Wait! What?

The very first sorority on the Hillhouse Campus, BT- voted to VOLUNTARILY disband?

I held the minutes of that meeting in my hands, while sitting in the New Haven Museum. The vote was close, but ultimately they ended their sorority in 1947, 60 years after they first colonized.  They called on all other Greek organizations to follow suit. Elm Tree yearbooks in the late 1940s featured “Hail and Farewell” parties for disbanding groups in the “secret societies” section. As our respondent in this act notes, those heeding BT-‘s call were exclusively the Jewish groups, of which there were 8: four sororities and four fraternities.

But why?  Unlike the criticisms of the 1910’s, the post-war critiques centered on advancing the democratic cause. To several in the Greek letter system, their groups smacked of elitism, anathema to the new democratic order.

This unexpected finding forced me to reconsider a number of historical events in the 1950s. The call for democratizing the society had its origins in the immediate post-war era, perhaps even during the war, as the KIPOD dance implies. The society, especially the young, had sacrificed much in their fight against fascism. Such a struggle caused them to rethink everything: the taken-for-granted segregation of people into ethnic, racial and religious groups, and the notion of equality as Americans.  Greek letter societies seemed a throw-back to an earlier age: Grandma’s high school.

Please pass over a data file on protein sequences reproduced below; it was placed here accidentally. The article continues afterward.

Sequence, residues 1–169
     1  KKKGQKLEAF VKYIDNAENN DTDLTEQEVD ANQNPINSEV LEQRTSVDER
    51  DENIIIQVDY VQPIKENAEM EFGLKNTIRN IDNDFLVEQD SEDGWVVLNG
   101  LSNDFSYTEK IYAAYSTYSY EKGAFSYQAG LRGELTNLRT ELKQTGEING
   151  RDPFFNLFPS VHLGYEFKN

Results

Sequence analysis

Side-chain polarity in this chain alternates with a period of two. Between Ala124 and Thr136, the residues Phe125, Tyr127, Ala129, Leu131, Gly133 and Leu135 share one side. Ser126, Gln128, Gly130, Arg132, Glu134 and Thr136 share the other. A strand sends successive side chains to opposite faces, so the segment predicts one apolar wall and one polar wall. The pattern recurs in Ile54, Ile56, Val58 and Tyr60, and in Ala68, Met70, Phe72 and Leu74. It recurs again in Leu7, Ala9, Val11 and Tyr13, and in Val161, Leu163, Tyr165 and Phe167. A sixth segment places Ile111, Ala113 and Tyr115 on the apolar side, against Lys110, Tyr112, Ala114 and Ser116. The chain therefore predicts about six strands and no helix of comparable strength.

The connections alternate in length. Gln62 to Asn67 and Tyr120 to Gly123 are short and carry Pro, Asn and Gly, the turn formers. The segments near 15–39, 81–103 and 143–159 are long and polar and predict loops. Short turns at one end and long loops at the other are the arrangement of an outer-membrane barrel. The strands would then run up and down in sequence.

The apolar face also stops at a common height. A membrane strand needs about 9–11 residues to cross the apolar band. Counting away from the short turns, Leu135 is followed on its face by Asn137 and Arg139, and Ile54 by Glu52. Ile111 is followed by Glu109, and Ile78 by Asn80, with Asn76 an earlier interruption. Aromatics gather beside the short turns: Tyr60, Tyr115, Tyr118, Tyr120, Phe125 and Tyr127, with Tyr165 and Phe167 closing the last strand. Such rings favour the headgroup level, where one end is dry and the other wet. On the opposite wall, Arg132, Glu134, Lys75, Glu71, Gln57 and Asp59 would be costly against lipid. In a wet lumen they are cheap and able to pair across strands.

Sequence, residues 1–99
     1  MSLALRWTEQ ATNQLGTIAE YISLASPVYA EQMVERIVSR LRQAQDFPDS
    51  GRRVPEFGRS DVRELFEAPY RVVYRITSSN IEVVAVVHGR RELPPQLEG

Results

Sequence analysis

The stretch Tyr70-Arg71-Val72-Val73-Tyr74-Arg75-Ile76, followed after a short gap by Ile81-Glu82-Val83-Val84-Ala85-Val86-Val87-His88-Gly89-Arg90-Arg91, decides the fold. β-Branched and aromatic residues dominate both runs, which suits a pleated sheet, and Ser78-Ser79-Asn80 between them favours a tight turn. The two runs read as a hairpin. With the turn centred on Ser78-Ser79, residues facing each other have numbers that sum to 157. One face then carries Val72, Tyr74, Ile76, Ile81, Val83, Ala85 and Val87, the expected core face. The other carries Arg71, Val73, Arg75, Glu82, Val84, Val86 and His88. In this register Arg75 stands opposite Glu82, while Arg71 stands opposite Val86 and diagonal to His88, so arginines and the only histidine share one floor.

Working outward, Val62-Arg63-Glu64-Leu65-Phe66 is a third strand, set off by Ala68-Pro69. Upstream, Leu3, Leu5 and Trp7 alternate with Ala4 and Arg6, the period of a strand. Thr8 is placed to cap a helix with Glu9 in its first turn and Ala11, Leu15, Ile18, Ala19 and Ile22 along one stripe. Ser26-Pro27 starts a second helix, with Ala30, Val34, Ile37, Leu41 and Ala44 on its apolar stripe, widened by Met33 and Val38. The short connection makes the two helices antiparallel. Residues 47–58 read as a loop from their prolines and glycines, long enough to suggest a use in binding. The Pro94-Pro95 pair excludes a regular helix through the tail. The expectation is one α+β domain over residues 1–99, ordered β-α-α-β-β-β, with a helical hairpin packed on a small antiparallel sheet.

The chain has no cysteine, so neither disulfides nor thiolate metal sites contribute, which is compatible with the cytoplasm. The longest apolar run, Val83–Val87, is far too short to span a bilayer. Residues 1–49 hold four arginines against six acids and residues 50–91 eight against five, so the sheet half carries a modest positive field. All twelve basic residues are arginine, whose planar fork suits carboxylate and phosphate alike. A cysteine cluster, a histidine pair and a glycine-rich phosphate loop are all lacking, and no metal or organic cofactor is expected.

The worldwide call for democratization had profound effects. In 1946, Jordan declared its independence from British colonial rule, followed by India and Pakistan in 1947 and Sri Lanka in 1948. Syria became an independent Republic in 1946, cutting its colonial ties with France, and across the Pacific the Philippines declared its independence from the US. These countries paved the way for robust independence movements that took root throughout the world in the coming decades. 

Further, several  scholars and commentators argued that US Civil Rights Movement  of the 1950s was an outgrowth of this world wide zeitgiest. After all, Martin Luther King was greatly influenced by Ghandi’s methods of non-violent resistance, satyagraha.

Who knew that a local New Haven sorority was playing such a prescient role in its bold act to disband?

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